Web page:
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Sendong was the most destructive storm to hit the Philippines in 2011 PDF Print E-mail
Wednesday, 28 December 2011 13:56

By BEN CAL

Tropical storm “Sendong” (international code Washi) was the most destructive cyclone to hit the Philippines this year in terms of human lives lost that could reach over 2,000.

The National Disaster Risk Reduction and Management Council (NDRRMC) in its bulletin as of 6 a.m. on Christmas Day that the number of fatalities remained at a status quo at 1,100 and 1,079 missing. But finding those missing alive is becoming slimmer and slimmer as each day passes by.

There are fears the missing could be dead by this time.

Rescuers have difficulty in recovering the victims due to the tons of mud that have covered the wide area of destruction in Cagayan de Oro City, Iligan City and Dumaguete City that bore the brunt of Sendong.

So deadly was Sendong’s fury that houses were toppled like matches, trees uprooted and vehicles were washed out and overturned and piled up on top of the other.

Sendong dumped tons of rain never before seen in the last 50 years in northern Mindanao, particularly Cagayan de Oro and Iligan which are not normally within the path of typhoons.

Residents in these places were complacent that when the warning was issued by the government of an impending storm, they apparently ignored it.

They went to sleep that night of December 16 and were awakened by the roaring floodwaters. By that time it was already too late.

The 1,100 people confirmed killed by Tropical Storm Sendong and the 1,079 missing and feared dead dwarfed that of Ondoy, a full-blown typhoon that struck Luzon,
including Metro Manila that left 747 fatalities and destroyed properties and agricultural crops estimated at P45 billion.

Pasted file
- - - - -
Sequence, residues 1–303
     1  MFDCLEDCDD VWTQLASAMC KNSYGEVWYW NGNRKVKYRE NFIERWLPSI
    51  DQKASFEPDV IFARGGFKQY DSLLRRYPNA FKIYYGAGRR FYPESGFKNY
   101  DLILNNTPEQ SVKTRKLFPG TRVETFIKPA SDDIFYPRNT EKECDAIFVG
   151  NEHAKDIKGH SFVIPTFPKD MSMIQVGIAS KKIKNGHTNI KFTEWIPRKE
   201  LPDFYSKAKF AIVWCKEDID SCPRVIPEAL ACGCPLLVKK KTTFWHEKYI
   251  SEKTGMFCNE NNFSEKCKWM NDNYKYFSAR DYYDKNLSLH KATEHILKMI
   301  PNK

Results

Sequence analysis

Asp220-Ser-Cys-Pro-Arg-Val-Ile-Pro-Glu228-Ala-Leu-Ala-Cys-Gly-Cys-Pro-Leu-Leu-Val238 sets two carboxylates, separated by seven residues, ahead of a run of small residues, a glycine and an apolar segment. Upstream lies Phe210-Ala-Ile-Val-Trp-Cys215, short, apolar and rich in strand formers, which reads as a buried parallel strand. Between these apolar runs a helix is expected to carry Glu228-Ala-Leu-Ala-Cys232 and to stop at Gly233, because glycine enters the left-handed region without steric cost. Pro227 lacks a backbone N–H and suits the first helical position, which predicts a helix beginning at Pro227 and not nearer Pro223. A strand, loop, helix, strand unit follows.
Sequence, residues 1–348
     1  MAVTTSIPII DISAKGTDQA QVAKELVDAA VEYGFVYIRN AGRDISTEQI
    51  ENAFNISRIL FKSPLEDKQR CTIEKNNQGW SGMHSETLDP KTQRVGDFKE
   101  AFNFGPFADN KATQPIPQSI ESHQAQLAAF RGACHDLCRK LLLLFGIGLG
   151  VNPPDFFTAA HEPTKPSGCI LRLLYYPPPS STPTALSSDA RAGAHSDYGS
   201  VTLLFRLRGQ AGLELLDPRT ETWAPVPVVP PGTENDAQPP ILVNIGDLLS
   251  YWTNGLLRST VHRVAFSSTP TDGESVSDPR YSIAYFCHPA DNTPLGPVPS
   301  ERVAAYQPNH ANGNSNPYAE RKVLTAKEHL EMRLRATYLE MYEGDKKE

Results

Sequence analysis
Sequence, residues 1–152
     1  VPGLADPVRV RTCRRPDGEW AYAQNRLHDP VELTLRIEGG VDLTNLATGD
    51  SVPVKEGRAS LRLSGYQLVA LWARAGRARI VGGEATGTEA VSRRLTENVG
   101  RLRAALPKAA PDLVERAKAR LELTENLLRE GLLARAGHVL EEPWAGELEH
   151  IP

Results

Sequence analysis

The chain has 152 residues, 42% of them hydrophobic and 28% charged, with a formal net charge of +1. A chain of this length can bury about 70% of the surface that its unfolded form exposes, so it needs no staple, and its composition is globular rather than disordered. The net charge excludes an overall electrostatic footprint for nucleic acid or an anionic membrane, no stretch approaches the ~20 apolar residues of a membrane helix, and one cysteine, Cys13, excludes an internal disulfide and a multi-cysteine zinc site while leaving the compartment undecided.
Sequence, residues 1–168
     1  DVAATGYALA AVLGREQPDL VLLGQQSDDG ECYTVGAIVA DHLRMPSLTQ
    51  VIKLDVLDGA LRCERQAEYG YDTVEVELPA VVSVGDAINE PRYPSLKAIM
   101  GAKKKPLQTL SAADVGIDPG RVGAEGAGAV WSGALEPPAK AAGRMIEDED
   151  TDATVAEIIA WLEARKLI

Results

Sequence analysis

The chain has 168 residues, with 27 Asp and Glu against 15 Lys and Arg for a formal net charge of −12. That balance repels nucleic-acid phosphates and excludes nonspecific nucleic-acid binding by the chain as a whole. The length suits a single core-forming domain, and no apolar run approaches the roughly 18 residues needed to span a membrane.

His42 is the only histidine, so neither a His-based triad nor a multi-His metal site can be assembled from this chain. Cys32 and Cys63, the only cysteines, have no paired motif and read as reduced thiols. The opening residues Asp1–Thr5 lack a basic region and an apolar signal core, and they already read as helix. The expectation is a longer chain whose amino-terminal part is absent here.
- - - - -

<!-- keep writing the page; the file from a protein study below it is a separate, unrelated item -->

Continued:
Rescue workers have continued their retrieval operations for the ninth day in the aftermath of Sendong’s destruction.

Sendong was the 19th cyclone to hit the country this year. The Philippines has an average of 20 typhoons per year.

The 18 other typhoons that hit the country in 2011 are as follows:

Amang on April 4 that hit Eastern Samar; Bebeng (International Code: Aere) on May 6 that battered the Bicol Region, Eastern Samar, Westerm Samar, Quezon, Marinduque and Masbate; Chedeng (International Code: Songda) that hit Eastern Samar on May 23;

Dodong (International Code: Sarika) on June 9 that affected Northern and Central Luzon; Egay (International Name: “Egay”) on June 17 that affected Catanduanes, Northern Samar and Eastern Samar, Babuyan Group of Islands, Cagayan, Calayan, Batanes Group of Islands, Apayao and Ilocos Norte.

Falcon (International Code: “Meari”) on June 21 that affected Eastern Samar; Goring on July 9 that hit Batanes; Hanna (International Code: Tokage) on July 15 that hit Catanduanes; Ineng (International Code: “Ma-on”) which only entered briefly within the Philippine area of Responsibility on July 17.

Juaning (International Code: Nock-ten) July 25 that hit Luzon; Kabayan (International Code: Muifa) on July 28 which hit the Visayas; Lando on July 31 that hit Northern Luzon; Mina (International Name: Nanmadol) on August 26 that again affected Northern Luzon; Nonoy (International Code: Kulap) on September 8 that hit Northern Luzon for the third time in a row.

Onyok (International Code: Roke) on September 12 that affected only Batanes Island; Pedring on September 24 that affected the entire Luzon, including Metro Manila; Quiel (International Code: Nalgae) on September 29 that hit Northern Luzon; Ramon on October 10 that hit Eastern Mindanao, Eastern Visayas and Central Visayas.

Sendong’s destruction left untold miseries to tens of thousands of victims and evacuees.

But what was heartening to note was the spontaneous response of Filipinos here and abroad and the global community which sent deluge of help in the form of cash and relief goods, particularly food, water and medicines.

Government from various countries extended material help to the victims in cash and in kind coursed to the Philippine government through their embassies.

The response of the Philippine government was also tremendous as both civilian and military authorities joined hands in distributing relief goods to the thousands of Sendong’s victims.

Once again, the Filipinos displayed its “bayanihan” spirit of helping each other in times of calamities like Sendong. Many organizations cancelled their Christmas celebrations and instead chipped in money for the flood victims.

It was this gesture of sharing that cheered up the spirit of Christmas for the thousands of Sendong’s victims temporarily housed in various evacuation centers.

 
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